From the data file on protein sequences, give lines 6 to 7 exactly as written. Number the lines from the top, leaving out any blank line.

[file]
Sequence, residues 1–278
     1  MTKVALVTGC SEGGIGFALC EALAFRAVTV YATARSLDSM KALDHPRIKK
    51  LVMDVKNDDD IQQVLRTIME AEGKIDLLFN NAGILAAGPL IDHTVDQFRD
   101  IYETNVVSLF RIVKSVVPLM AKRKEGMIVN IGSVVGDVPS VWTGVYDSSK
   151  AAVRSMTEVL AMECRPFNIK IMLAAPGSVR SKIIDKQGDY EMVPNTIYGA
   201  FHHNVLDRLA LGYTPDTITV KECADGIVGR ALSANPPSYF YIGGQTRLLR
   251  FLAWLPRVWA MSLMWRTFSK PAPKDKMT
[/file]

   201  FHHNVLDRLA LGYTPDTITV KECADGIVGR ALSANPPSYF YIGGQTRLLR
   251  FLAWLPRVWA MSLMWRTFSK PAPKDKMT